Teddy Wilson’s piano-playing and band-leading seems to be out of fashion at the moment and yet he was a major figure of 16 January 1938. He was a key man in the structure of the music of the 30s who displayed more good taste than any other swing player. There’s a most satisfying five-CD set, available as singles, on Hep CD 1012 to 1035. Our concern is with Vol. 2 (CD 1014) because it contains among its 20 classic tracks two heavyweight classics in Blues In C Sharp Minor, a most unusual composition of Wilson’s, and his Warmin’ Up, both graced by super Chu Berry solos. Mary Had A Little Lamb and Too Good To Be True completed the 14 May 1936 session, and the splendid band also included Roy Eldridge, Buster Bailey, Israel Crosby, Sid Catlett and guitarist Bob Lessey.

    While with Henderson Chu inaugurated his Stompy Stevedores on 23 March 1937. The band included Hot Lips Page, Buster Bailey, Fletcher’s brother Horace and Israel Crosby and it recorded four titles.

    Chu joined Cab Calloway’s band in August 1937 where Cab regarded him as a god and gave him the ultimate platform for his solos. Chu also acted as an adviser on band matters and was held in similar awe by most of the sidemen. Chu must be given major credit for the high quality of the band. It was a superb surrounding, and when the time came on 10 September he was happy to enlist his second Stompy Stevedores (including the under-rated Benny Payne on piano) from within the Cab Calloway band (Chuberry Jam, Maelstrom, My Secret Love Affair and Ebb Tide). It was whilst with Calloway that Chu made his best recorded improvisations for RCA Victor. These included the two amazing quintet sides, Shufflin’ At The Hollywood and Sweethearts On Parade. RCA also set up three sessions in 1938/9 led by Wingy Manone, which produced admirable results.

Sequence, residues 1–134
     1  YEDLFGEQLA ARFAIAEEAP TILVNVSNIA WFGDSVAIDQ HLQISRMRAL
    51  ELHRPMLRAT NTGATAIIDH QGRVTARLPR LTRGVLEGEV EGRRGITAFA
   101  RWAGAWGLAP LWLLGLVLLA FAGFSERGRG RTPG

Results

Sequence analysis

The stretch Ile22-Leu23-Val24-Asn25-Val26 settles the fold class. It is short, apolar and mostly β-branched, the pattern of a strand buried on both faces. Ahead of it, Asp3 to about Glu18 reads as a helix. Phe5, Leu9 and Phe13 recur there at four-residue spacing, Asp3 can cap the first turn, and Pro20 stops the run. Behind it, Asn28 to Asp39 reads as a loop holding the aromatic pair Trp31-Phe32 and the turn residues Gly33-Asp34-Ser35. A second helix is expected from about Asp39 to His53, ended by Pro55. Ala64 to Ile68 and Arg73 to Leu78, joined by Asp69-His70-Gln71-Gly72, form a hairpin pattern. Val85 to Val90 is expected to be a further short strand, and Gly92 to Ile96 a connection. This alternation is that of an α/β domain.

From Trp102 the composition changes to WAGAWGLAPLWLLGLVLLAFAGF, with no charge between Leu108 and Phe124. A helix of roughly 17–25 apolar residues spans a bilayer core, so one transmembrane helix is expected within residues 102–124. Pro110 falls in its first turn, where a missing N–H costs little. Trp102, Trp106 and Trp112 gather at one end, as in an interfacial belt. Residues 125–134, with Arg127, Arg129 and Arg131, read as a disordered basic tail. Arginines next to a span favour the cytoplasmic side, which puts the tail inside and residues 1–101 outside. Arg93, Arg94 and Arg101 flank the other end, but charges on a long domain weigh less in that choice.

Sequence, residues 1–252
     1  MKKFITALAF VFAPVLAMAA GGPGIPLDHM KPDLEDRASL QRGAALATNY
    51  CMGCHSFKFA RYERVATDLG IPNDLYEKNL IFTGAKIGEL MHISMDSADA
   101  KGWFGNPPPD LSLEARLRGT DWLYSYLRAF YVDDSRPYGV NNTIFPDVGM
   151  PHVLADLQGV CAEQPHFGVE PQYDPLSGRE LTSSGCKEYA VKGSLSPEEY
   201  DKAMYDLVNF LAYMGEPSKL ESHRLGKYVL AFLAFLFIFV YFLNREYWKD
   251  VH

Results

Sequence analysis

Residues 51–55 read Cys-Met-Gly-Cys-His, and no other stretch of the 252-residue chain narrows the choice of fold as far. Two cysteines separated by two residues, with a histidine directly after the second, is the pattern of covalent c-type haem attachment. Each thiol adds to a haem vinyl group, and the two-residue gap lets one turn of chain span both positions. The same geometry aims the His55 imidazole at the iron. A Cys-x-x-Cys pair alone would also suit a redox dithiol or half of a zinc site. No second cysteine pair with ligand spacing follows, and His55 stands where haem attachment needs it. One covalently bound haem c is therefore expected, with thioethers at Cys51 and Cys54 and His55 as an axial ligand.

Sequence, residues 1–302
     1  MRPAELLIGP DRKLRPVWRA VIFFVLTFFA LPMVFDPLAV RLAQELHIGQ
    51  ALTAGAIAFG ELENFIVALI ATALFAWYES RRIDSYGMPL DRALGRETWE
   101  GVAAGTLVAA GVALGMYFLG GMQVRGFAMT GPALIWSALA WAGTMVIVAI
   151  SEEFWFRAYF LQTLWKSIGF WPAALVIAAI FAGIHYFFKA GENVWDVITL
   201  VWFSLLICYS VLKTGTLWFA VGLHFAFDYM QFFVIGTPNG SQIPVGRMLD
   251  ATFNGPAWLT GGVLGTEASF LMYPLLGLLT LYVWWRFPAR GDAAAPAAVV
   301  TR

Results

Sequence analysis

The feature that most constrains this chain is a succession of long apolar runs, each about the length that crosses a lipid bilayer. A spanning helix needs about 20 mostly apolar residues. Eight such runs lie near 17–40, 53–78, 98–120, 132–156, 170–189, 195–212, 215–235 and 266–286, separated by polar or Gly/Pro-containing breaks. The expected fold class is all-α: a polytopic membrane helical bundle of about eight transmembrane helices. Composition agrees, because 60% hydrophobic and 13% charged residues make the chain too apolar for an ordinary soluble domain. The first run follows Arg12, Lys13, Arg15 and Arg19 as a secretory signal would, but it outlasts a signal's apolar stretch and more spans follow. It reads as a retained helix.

On 21 September 1941, Cab had cause, backstage, to raise his fist to his trumpeter Dizzy Gillespie. Gillespie swiftly drew a knife and lashed out. The efforts of Milt Hinton to stop him diverted the blade to Cab’s backside, which required 10 stitches to restore it. Dizzy was fired. 

    A month later, on 27 October, Lamar Wright, Andy Brown and Chu were driving to Buffalo when Andy Brown fell asleep at the wheel. The details are recounted in Alyn Shipton’s biography of Calloway, Hi-De-Ho (Oxford). While the other two escaped injury, Chu was in the front seat and was seriously injured. He was rushed to hospital in Conneaut, Ohio, where he died that evening.

    He had been a major figure of his times and with his advanced harmonic knowledge had influenced the playing of both Charlie Parker and Dizzy Gillespie, both of whom he’d played with at Minton’s Playhouse. (Parker called his first son Leon, after Chu).

    Despite the CD details I have given above, the ultimate way of acquiring a Chu Berry collection is via the Mosaic set Classic Chu Berry Columbia And Victor Sessions (MD7-234) which is an exhaustive collection notably documenting all Chu’s Cab Calloway recordings (including the outstanding and unique 1940 ballad performances Ghost Of A Chance and Lonesome Nights).